What a pretty corn!
The genetics that cause the changes in pattern from normal or wild-type to diffusion aren't just a simple on/off thing. All diffused corns vary, even in the same clutch and when I breed a clutch of them I always wonder how they will develop as they do then change so much as they grow towards being adults.
With the addition of genes that will determine how red or orange their background colour ends up, how clear of belly checkers they end up, how much their side pattern is broken up, whether they still show saddles distinctly from the background, whether they have dark, melanin stripes, they are endlessly exciting to breed and to grow up into adults.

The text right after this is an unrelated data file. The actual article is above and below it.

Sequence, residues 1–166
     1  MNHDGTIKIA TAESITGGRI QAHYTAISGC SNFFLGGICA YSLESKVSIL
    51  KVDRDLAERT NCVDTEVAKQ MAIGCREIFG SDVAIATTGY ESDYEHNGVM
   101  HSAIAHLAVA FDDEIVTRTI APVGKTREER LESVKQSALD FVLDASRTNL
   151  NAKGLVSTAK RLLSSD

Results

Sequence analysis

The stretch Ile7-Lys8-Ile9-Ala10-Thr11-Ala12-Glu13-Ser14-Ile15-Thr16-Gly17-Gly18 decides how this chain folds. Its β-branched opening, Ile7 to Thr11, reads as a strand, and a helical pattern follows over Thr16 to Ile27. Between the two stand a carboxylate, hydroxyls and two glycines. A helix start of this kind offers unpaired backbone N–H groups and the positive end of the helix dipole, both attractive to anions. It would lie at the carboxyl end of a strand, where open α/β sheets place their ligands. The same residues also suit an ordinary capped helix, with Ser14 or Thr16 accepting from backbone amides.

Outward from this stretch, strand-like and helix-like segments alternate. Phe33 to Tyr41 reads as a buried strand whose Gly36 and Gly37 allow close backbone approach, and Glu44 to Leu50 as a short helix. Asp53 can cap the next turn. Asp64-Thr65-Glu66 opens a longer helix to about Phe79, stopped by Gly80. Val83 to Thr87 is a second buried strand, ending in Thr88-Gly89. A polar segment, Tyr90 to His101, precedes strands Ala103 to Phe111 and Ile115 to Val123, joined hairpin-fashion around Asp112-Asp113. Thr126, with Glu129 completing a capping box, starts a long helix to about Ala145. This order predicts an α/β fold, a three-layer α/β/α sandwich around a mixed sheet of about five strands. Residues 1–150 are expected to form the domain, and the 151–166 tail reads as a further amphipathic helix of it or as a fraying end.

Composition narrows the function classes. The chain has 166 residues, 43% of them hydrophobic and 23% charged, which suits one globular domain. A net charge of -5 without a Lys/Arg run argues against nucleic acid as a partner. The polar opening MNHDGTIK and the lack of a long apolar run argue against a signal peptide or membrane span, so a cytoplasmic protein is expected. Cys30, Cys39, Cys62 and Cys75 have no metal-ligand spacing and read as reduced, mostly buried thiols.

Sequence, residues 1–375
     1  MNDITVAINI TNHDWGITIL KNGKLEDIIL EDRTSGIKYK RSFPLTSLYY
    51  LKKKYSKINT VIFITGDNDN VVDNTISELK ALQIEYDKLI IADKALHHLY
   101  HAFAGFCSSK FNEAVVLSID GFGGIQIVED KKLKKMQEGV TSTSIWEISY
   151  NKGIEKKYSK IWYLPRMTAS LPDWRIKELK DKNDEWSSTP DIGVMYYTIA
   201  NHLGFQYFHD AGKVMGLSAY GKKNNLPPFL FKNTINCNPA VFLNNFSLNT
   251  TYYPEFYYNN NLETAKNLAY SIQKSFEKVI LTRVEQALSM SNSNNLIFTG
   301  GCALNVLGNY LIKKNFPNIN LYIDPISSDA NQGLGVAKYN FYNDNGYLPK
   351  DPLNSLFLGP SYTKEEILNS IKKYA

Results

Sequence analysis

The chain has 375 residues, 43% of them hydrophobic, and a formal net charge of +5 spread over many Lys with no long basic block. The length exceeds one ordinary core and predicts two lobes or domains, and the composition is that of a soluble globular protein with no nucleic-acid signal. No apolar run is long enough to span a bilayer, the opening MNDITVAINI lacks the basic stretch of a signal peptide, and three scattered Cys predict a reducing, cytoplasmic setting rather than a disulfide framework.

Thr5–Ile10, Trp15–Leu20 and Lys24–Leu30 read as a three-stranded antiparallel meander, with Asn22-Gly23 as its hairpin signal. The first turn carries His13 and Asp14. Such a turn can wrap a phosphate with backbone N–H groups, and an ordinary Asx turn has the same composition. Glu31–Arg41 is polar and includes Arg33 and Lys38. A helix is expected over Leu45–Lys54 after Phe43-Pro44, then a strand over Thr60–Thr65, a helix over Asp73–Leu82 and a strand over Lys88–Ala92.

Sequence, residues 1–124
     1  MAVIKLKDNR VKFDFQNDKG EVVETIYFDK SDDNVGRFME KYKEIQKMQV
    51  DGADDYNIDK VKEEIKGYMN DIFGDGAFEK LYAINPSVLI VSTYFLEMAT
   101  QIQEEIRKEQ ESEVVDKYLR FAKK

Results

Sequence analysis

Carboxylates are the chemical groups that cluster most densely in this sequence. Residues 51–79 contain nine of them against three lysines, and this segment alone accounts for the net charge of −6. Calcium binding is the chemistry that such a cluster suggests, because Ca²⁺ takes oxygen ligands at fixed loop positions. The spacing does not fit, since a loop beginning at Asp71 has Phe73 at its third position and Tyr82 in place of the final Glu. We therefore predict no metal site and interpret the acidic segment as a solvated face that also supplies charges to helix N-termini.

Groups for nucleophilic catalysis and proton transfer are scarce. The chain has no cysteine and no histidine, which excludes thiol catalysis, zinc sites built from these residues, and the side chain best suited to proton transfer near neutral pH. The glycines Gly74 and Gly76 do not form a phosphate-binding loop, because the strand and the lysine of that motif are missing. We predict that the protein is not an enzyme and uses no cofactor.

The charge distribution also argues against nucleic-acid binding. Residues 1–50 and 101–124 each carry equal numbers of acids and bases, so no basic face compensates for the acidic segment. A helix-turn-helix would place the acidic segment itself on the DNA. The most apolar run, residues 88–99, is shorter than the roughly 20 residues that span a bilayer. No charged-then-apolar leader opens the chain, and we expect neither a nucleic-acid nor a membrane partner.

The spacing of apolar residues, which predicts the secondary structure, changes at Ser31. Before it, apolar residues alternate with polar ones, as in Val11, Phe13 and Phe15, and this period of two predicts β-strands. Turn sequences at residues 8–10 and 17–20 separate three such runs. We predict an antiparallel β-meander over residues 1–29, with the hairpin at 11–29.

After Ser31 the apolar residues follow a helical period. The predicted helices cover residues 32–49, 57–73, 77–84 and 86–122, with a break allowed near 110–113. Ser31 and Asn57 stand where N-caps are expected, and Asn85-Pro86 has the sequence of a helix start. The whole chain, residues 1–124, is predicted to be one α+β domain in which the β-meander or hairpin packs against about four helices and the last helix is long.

I've got diffused corns from very distinct lines and I really can't choose which I prefer. To me I wouldn't say they are better or worse quality, but that they express their genetic backgrounds. If just choosing a pair that look a certain way guaranteed how their offspring will turn out, there wouldn't be any surprises when each year's babies start to hatch and then grow on!
Here's one of my diffused snakes, Polly Lane, from a baby to an adult.